It is here that there is a vital role for information intermediaries. This title, which applies to banks, DFIs and venture capitalists (VCs), characterises financial intermediaries with (a) skills in project evaluation and (b) mechanisms for sourcing funds which imply that their assets do not need to be highly liquid.

An information intermediary can closely evaluate a project, accurately assess the risk and return involved in a financing decision, and thus charge the project a `fair' cost of capital.

This is in sharp contrast with financing through an illiquid market, where few professional traders are available to pay close attention to a security and thus ensure that the market price is honest.

The information intermediary can thus expect to earn a revenue for contributing this unique value-added.

The venture capitalist (VC) is an extreme case of an information intermediary, who takes an equity stake in a project, participates in nursing it to a financially sound situation with a good track record, from which it can then go public on the IPO market. Most of India's IPOs would strongly benefit from a three-year incubation period with VCs before coming to the IPO market.

Credit rating agencies are also information intermediaries who work on the other side. When a firm obtains a credit rating, it reduces the informational asymmetry between investors and itself. The credit rating agency performs the task of closely evaluating the project and emerging with an evaluation of the risk of default. If credit ratings were well-respected by markets, then the credit rating would be an adequate passport to obtaining a low cost of capital on the bond market. The future growth of skills in the credit rating agencies will hence enlarge the elite club of companies who can access the bond market.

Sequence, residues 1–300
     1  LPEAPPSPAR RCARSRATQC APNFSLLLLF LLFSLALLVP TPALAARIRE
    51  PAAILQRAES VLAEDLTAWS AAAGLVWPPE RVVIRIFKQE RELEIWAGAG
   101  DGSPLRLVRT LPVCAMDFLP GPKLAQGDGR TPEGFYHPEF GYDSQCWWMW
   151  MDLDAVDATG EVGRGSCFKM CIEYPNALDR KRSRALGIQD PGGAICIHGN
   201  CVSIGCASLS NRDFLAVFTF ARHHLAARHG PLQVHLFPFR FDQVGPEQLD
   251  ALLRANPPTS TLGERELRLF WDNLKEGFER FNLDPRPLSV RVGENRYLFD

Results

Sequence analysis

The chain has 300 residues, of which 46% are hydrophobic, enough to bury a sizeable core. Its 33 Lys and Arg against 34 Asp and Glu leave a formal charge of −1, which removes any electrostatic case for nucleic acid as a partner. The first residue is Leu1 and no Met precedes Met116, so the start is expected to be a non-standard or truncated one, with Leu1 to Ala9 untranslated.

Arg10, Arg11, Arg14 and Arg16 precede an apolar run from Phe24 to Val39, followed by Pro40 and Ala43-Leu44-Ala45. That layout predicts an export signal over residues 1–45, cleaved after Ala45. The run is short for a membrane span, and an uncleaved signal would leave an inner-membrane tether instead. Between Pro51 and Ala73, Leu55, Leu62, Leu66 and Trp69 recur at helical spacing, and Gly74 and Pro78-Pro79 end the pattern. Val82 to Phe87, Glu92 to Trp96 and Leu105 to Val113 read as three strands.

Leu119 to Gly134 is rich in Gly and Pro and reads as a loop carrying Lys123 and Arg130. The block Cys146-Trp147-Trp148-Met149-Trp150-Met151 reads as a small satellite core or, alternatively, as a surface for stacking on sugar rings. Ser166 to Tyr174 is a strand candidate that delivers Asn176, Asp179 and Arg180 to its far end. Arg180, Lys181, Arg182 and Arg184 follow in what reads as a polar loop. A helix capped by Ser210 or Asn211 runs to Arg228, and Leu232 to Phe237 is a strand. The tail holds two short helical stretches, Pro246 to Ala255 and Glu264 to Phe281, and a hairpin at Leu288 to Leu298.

There are obviously many projects where the informational insecurities are too large to be bridged by a credit rating which are therefore ideally suited to the skills of the DFIs, banks and VCs. It should be clear, however, that the thousands of projects which fall into this category account for no more than a third of India's corporate sector by measures such as market capitalisation, annual investment, gross block, etc. Hence the importance of DFIs and banks in such a world would obviously be much smaller as compared with the way things worked before the blossoming of the capital markets in the mid-eighties. It is also easy to see that the venture capital industry could easily enjoy meteoric growth rates in the coming years, owing to the unique combination of equity financing prior to the IPO coupled with close participation in the management of the company.

What does this reasoning imply for companies who seek to raise funds? The single message which stands out is the value of reliable, clean disclosure. When a company can convince markets that it will tell them the truth, the market will be willing to pay a fair risk/return valuation for the securities of the company. Obfuscated accounts, tardy continuous disclosure, and an unwillingness to call press conferences to reveal bad news are all short-sighted strategies on the part of companies. The companies that scrupulously play clean in their disclosure will be best able to directly access capital markets, avoiding the markup of intermediaries, and be able to source funds at the lowest cost of capital.